Consider a two-level quantum system (S) whose computational bases are |0〉S and |1〉S. The environment (E) is initially at |0〉E. Amplitude-damping decoherence, in which a particular computational basis state is irreversibly and probabilistically transferred to the other, results from state-dependent coupling of the system qubit to the environment and is described by the following quantum map,

where 0 ≤ D ≤ 1 is the magnitude of the decoherence and (ref. 4). Amplitude-damping decoherence is highly relevant for many practical qubit systems. For instance, amplitude-damping decoherence is caused by photon loss for the vacuum–single-photon qubit, by spontaneous decay for the atomic energy level qubit and by zero-temperature energy relaxation for the superconducting qubit.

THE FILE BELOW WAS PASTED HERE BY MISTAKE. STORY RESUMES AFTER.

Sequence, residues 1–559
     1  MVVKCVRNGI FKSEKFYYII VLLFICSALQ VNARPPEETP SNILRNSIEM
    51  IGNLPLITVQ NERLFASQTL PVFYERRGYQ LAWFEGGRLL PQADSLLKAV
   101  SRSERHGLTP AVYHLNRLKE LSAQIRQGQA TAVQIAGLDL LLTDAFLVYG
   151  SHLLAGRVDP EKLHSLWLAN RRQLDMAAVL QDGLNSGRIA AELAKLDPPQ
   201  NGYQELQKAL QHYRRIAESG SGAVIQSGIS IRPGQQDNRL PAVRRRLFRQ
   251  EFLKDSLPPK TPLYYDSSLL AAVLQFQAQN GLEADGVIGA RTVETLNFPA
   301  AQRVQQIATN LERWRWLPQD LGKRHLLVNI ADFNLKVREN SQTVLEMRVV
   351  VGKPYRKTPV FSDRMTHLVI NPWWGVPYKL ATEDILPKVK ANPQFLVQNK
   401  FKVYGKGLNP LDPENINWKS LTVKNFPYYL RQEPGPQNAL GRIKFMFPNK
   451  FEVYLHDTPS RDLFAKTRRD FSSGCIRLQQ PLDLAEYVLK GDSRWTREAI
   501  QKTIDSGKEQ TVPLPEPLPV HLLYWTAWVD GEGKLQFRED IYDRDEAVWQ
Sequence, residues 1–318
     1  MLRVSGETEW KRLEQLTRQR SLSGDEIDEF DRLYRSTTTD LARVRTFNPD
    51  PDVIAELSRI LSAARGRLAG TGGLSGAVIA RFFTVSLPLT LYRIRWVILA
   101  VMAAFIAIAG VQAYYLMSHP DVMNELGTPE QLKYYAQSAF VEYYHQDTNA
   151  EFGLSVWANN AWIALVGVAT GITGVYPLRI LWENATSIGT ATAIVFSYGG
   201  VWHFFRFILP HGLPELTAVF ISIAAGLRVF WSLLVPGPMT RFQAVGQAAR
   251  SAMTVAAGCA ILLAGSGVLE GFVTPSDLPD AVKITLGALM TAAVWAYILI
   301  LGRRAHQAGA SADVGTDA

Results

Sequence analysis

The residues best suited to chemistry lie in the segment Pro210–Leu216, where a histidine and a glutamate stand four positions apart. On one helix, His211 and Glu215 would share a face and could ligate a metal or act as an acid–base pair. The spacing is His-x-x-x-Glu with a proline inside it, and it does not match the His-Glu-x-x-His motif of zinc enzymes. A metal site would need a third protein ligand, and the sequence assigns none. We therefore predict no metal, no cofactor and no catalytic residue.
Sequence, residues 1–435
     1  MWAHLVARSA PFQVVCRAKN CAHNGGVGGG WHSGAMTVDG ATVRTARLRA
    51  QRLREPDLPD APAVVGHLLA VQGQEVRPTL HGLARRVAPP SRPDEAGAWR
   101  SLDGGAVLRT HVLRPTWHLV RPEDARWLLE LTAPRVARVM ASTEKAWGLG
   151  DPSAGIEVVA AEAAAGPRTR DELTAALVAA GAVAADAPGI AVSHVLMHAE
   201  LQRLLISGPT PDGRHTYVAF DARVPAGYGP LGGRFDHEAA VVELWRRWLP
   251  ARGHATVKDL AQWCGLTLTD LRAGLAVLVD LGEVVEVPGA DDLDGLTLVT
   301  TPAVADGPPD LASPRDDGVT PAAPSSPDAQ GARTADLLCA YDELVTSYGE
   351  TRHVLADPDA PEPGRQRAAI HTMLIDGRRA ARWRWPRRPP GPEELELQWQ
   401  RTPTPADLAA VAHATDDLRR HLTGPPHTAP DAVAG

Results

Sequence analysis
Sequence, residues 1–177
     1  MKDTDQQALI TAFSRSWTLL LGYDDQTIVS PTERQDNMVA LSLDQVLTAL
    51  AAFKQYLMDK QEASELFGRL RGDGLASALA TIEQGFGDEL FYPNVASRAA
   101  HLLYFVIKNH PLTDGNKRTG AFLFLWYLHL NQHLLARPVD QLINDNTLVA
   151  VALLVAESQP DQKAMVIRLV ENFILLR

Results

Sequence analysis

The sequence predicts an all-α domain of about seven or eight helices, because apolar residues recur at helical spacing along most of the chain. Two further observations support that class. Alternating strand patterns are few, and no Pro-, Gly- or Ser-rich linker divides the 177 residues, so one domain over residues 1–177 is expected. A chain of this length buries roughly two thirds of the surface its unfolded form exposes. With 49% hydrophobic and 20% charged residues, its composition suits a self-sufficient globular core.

We now investigate how the decoherence map of equation (1) affects a two-qubit entangled state. In particular, we consider a quantum communication scenario depicted in Fig. 1a where Alice prepares a two-qubit entangled state |ϕ〉=α|00〉S+β|11〉S (α α*+β β*=1) and distributes the qubits to Bob and Charlie through quantum channels with decoherence D1 and D2. The discussion, however, applies equally well to other types of two-qubit entangled state and physical qubit of stationary nature.

Although the initial state was a pure two-qubit entangled state |ϕ〉, owing to decoherence, Bob and Charlie now share the two-qubit quantum state ρd given as